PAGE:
The metadata elements and their vocabularies are selected by the user according to what terms he would find useful for the particular task in hand: for example the values in the vocabulary for the metadata element relating to “actors” may be “Tom”, “Dick”, and “Harriet”, those for “location” might include “interior of Tom's house”, “Vienna street scene”, and “beach”, whilst those for “plot development” might include “Prologue”, “Exposition”, “Development”, “Climax”, “Denouement”, and “Epilogue”. Note that some metadata elements may take multiple values, for example two or more actors may appear in the same video clip. Others, such as location, may be mutually exclusive.
A user typically stores video and audio files and digital pictures in a hierarchical directory structure, classifying the media for subsequent retrieval. This is far from ideal as it is often impossible to decide on the amount of detail appropriate to organise a media library. In particular it often requires more technical skill than the user may have, in particular in a home context. In a business context the skills may be available, but the database may need to be accessed by several different people with different needs, not all of whom would have the necessary skills to generate suitable classification terms. The meticulous compilation of metadata is often a tedious process of trial and error, and requires the expenditure of substantial human resources. Moreover, a person performing the classification is unlikely to add metadata beyond what is sufficient to achieve his own current requirements. Consequently, the results may be of little use to subsequent users if the database is reused. In particular, it is difficult to ascertain whether each media object has been allocated all the metadata that might be appropriate to it, nor how useful an individual metadata tag may be in identifying useful material. Some metadata may apply to a large number of items, in which case additional metadata, detailing variations between the items identified thereby, may prove useful. Conversely, a tag allocated to very few items, or none at all, may be indicative of an area in which more media items should be obtained, or that for some reason the metadata have not been applied to items to which it would have been appropriate. Such considerations are difficult to address with existing systems. Data Clustering and Data mining algorithms such as the Minimal Spanning tree algorithm and K- means algorithm have conventionally been used to analyse databases and to attempt to fill out missing data. These algorithms are slow and usually run off line.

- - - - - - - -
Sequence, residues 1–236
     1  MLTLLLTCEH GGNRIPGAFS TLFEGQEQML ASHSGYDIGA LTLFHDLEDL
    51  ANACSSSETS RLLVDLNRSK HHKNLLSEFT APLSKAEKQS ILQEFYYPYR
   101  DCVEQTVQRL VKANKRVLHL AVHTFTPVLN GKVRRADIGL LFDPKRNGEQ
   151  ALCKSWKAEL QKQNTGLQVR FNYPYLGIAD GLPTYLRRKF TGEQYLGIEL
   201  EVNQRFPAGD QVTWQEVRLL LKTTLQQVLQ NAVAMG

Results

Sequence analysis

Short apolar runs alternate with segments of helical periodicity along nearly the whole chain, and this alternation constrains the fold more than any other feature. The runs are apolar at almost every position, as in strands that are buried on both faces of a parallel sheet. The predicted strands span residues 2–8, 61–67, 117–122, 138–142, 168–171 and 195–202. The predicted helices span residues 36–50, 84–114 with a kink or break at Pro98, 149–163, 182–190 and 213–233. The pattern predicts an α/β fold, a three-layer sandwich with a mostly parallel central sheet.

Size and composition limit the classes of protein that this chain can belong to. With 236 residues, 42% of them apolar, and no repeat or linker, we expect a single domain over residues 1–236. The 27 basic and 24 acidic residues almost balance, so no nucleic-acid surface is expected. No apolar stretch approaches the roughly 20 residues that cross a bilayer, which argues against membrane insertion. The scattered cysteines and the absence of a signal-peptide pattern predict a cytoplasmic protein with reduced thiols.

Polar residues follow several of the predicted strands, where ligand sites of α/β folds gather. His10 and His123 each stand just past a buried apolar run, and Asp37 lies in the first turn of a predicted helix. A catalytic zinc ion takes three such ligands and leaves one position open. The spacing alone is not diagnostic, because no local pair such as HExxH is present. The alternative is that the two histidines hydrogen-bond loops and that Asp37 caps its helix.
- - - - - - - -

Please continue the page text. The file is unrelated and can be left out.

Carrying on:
International patent application WO 02/057959 (Adobe) describes an apparatus to visually query a database and provide marking-up codes for its content. However, it does not let the user visualize how many marking-up codes are already present in the individual items making up the database. The interface described therein is not capable of handling complicated metadata schemes, as it would require too many ‘tags’, and this would lead to an extremely complicated interface that would not easily indicate which objects still have to be marked up. As in most applications that require metadata input, the main interface to adding metadata is text-based. Menus with pre-defined vocabularies can be called up to provide marking-up codes to objects or content.
The present invention seeks to simplify the metadata marking-up process. According to the present invention, there is provided a data handling device for organising and storing media objects for subsequent retrieval, the media objects having associated metadata tags, comprising a display for displaying representations of the media objects, data storage means for allocating metadata tags to the media objects, an input device comprising means to allow a representation of a selected media object to be moved into a region of the display representing a selected set of metadata tags, and means for causing the selected set of tags to be applied to the media object.